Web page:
One of the most controversial things about the World Series is how home field is determined. Unlike other sports, which either use a neutral field or assign home field to the team with the better regular season record, baseball has decided to link the extra home game in the Fall Classic to the outcome of the Midseason Classic. To some, this connection borders on the absurd, but does home field in the World Series really matter?
Several studies have been done on this topic, and most, like this one, have concluded that there really is no advantage to home field in the baseball postseason. However, analyses that focus on series outcomes, instead of individual games, can be misleading. After all, if the home team wins four of the first games in a best of seven series, the team without the advantage would emerge victorious.
Not including last night’s opener in St. Louis, the home team has won 339 of 614 World Series games, or just over 55%. In essence, during the Fall Classic, there is a 17-win difference between home and road teams (based on a 162-game season), so where each game is played seems to have a significant impact. Although some might question the sample size, the 55% win rate for the home team is not only in line with the percentage in the entire post season, but also closely mirrors the outcomes of every regular season game played since 1919.
The team with home field advantage has won the World Series 58 of 102 times (excluding four World Series that featured eight games), a percentage that is in line with the 55% per game win rate cited above. However, because the “road team” in a seven game series is the first to host three games (thanks to the 2-3-2 format), conventional wisdom has suggested that only in a deciding game seven does the ballpark really matter. And yet, a closer look into the actual results tells a different story.
There have been 35 winner-take-all game 7s in World Series play, and the road team has won 18 of them. However, actually getting to the seventh game hasn’t been as easy. In games 1, 2, and 6, the home team not only enjoys a significant advantage, but it is also much greater than the one exhibited in games 3, 4, and 5. Apparently, in order for a team without home field advantage to win the Fall Classic, survival is the key (over 45% of World Series won by teams without home field came down to a winner-take-all game). Then again, the last eight game 7s have all been won by the home team (the 1979 Pirates are the last team to win a double elimination game as a visitor), so even this one refuge for the road team has been taken away.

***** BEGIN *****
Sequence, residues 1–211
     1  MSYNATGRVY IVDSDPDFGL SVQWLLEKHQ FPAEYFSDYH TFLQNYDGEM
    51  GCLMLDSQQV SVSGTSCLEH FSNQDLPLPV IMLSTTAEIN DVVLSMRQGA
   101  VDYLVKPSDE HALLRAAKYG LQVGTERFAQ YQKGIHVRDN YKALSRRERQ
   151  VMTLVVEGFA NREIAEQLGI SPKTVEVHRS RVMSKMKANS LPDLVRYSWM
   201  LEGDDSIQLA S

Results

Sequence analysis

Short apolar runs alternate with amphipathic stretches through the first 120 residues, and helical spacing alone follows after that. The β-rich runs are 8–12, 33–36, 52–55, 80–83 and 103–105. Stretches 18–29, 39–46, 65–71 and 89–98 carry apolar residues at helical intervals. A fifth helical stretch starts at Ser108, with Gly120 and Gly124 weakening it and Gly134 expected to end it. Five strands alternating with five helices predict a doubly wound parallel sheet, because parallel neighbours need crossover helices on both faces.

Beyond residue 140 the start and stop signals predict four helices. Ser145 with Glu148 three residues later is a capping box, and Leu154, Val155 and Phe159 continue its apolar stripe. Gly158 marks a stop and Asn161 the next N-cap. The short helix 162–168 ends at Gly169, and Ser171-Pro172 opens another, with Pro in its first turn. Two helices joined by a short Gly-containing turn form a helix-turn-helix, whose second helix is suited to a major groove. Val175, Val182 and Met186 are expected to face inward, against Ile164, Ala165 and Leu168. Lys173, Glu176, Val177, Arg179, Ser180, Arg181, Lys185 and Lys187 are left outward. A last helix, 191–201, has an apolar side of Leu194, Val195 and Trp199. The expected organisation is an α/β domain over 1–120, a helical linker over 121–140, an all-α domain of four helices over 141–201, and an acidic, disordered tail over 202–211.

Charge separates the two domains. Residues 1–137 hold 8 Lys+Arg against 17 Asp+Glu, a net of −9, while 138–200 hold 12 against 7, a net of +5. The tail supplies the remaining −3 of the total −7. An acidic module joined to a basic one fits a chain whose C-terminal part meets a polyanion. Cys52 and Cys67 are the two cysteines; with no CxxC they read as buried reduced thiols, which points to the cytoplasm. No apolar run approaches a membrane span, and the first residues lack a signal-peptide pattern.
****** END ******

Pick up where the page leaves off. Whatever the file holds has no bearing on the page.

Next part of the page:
Because baseball has used a random method of assigning home field for most of its history, it’s hard to explain why there hasn’t been much of an advantage in the middle three games. Perhaps it’s because those games are more likely to feature second tier starters, which mitigates the advantage? Or, maybe the momentum (which for many sabermetricians is a dreaded concept) of early success carries over to the rest of the series? Regardless of the reason, it seems clear that home field advantage not only impacts the number of games a team has in its own ballpark, but how well they perform in front of the hometown crowd.
A breakdown of World Series results by decade reveals significant fluctuations in the impact of home field advantage, which shouldn’t be surprising when you consider the random manner in which it was determined for almost 100 years. Nonetheless, it’s interesting to note that in the 1940s, when the road team won 53% of all Fall Classic Series games, the team with home field advantage won 90% of the World Series. Then, in the 1950s, the opposite happened. That decade, home teams won 61% of all games, but 70% of the World Series were won by the team starting off on the road.
Although there seem to be so many conflicts and counterintuitive aspects of the data, we can definitively say that home field advantage in the World Series matters. After all, 23 of the last 30 Fall Classics have been won by the team that hosted game one. Of course, that brings us back to the question of whether such a meaningful reward should be granted based on the outcome of the All Star Game. I would argue yes, but it’s easy to see why others might disagree. Regardless of one’s position, however, what seems clear is that fans, players, and teams should probably starting take the midseason classic a little more seriously because, nowadays, it really does count.